Nature walks can be taken in the woods, across open meadows, or along river or lake or ocean shorelines. You can also take nature walks along suburban streets. Deborah and I took a stroll around a nearby suburban neighborhood to see what the ecosystem was like.
The most prominent features of this neighborhood, as would be true of almost any randomly chosen section of suburbia, were the lawns. Each lot was about 20 to 25% occupied by a house, garage, and driveway leaving the remaining 75 to 80% of the area for grass. Most of the lawns were closely trimmed and densely vegetated with tightly packed grass plants. Fescue and bluegrass were the dominant grasses. Most of the lawns were extremely controlled monocultures (as pictured below): no clover, no dandelions, no ground ivy, and no “weeds” of any kind. Occasionally, we passed a yard that had escaped from this controlled state, and it had abundant dandelions, ground ivy, plantain, and dozens of other low growing green plants filling in the spaces around the still thriving grass plants (picture further down the page … actually that’s a picture of my lawn!).
A monoculture of any kind be it lawn or cornfield is an unstable ecosystem. Successional forces and waves of opportunistic, invading species (collectively referred to as “weeds”) exert immense pressures on the system. These forces would very quickly change a lawn- grass ecosystem into a system dominated by annual weeds (and we observed several of these weed patches, mostly tucked away in spaces outside of fence lines, on our walk).
Over time (a growing season or two) these relatively simple annual weed systems would accumulate species and become an increasingly complex, perennial weed ecosystems (we did not observe perennial weed patches on our walk…societal and peer pressures probably prevent this degree of succession from being tolerated in such close living quarters!). Succession would not stop with these weeds, though. The perennial weed system would continue to grow and mature into a shrub patch full of raspberry canes, hawthorns and whole slew of exotic invaders like multiflora rose and barberry. These shrub systems are very common out away from the neighborhoods in much of the surrounding, abandoned farm yards and fields.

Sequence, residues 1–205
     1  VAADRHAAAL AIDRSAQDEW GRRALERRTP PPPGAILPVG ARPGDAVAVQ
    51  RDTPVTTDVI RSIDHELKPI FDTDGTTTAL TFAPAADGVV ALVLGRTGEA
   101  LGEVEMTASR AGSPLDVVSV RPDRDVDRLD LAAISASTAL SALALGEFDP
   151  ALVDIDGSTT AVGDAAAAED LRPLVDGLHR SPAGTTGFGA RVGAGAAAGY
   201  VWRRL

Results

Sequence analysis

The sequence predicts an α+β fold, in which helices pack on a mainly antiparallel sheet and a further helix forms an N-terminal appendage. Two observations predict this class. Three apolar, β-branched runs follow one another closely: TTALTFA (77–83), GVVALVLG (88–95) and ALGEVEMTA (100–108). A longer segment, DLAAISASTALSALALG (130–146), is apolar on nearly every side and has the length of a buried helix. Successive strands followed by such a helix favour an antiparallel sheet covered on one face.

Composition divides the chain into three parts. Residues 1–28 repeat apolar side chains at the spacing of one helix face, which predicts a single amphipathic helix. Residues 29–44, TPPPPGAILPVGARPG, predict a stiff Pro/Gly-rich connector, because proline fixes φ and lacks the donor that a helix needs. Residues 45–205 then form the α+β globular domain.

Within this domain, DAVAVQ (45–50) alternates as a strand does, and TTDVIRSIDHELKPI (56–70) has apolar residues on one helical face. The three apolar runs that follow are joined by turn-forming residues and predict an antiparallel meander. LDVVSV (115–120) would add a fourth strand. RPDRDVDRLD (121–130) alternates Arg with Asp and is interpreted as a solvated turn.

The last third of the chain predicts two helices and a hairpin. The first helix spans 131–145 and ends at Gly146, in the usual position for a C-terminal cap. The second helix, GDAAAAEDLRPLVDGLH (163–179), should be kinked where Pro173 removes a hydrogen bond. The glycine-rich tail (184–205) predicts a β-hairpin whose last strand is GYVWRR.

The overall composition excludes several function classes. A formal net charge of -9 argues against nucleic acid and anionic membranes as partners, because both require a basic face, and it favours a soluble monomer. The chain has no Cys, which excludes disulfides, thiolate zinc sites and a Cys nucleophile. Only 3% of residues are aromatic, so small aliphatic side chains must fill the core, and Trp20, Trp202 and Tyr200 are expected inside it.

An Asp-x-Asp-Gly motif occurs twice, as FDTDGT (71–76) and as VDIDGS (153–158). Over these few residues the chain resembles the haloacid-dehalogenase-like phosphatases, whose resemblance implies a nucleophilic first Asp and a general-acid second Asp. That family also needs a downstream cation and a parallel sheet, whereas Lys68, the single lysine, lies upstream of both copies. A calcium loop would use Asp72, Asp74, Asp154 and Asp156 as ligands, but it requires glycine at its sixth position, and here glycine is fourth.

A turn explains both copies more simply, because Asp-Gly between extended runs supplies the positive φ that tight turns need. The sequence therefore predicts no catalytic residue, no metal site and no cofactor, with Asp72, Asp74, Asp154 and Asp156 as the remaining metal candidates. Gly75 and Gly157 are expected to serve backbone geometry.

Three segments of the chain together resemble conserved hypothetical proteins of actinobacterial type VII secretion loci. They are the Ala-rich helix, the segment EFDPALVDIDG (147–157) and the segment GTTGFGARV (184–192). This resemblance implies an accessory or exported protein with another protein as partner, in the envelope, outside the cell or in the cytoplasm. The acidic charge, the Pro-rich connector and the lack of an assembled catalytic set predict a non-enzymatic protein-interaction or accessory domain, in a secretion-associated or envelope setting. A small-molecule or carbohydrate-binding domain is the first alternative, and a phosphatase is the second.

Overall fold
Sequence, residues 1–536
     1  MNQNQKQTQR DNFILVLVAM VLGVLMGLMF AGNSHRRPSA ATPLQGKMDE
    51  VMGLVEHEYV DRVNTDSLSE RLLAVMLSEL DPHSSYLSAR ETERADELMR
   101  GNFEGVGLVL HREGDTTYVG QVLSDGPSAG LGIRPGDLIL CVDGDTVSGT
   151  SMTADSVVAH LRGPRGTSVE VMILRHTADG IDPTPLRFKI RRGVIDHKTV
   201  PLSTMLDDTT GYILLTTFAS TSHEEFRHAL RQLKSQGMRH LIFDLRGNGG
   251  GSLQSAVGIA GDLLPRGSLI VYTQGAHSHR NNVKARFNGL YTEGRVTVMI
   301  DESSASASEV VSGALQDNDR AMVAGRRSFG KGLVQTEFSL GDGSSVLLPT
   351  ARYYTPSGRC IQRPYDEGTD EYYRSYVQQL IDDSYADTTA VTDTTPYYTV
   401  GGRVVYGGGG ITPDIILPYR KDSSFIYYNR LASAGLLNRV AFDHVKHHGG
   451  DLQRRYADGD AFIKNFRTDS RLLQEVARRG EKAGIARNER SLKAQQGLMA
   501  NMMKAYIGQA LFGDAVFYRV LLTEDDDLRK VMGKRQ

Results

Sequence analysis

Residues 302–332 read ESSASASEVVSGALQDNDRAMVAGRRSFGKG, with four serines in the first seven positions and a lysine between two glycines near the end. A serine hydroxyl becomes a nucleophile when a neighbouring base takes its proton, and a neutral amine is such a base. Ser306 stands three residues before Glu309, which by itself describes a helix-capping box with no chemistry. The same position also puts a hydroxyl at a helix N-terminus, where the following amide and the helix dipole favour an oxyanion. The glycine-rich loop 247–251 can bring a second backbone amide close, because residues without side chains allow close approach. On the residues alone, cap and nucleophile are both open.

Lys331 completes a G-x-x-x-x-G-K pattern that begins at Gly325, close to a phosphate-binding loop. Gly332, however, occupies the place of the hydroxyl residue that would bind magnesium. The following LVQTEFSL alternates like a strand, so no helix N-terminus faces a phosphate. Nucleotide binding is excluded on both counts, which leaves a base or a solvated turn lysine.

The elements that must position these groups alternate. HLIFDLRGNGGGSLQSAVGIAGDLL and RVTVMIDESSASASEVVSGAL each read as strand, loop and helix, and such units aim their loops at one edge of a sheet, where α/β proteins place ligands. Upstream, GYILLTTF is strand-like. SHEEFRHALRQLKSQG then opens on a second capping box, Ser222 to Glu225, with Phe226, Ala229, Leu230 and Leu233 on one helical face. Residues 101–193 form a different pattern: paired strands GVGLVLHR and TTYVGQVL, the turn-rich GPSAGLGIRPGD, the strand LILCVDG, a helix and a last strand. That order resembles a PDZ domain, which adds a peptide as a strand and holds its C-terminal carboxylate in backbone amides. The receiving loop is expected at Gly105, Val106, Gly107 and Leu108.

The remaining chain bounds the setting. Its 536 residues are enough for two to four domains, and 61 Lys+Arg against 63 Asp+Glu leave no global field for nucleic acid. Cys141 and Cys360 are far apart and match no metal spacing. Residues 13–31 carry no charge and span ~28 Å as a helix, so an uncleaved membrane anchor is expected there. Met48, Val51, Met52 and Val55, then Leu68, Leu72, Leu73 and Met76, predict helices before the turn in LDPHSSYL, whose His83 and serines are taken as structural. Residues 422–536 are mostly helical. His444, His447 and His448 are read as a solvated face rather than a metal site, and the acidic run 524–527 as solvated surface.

Eventually, these shrub patches would develop into forests of first fast growing, sun-loving trees (like red maple, or black cherry, or white ash, or yellow poplar (the very trees that dominate the woodlot on the edge of my mowed field)), and, over time, a more complex forest of slower growing but longer lived tree species would develop.
To the grass manager, this successional process must be directly battled in its earliest stages with the familiar tools of modern lawn care: mowers, trimmers, herbicides, irrigation, and fertilizer. The grass manager (i.e. the home owner) sets up a regime in which the grass plants are vigorously stimulated to grow (by the addition of water, fertilizer, lime etc.), and in which less desirable plants (the “weeds”) are selected against by the frequent plant tissue destruction caused by mowing (and the more you “feed” and water a lawn the more you have to mow it!), or by the very occasional direct removal of “weeds,” or by the very frequent, broad application of herbicides designed to kill non-grass plants. These steps are the only way to insure that a lawn remains a singular grass ecosystem.
The cost of this control is astounding. Here are some numbers for lawns in the United States (derived primarily from EPA, Audubon Society, and The Garden Club of America publications and web sites):
1. 54 million people mow their lawns each summer weekend, 800 million gallons of gasoline are used in gas lawn mowers each year,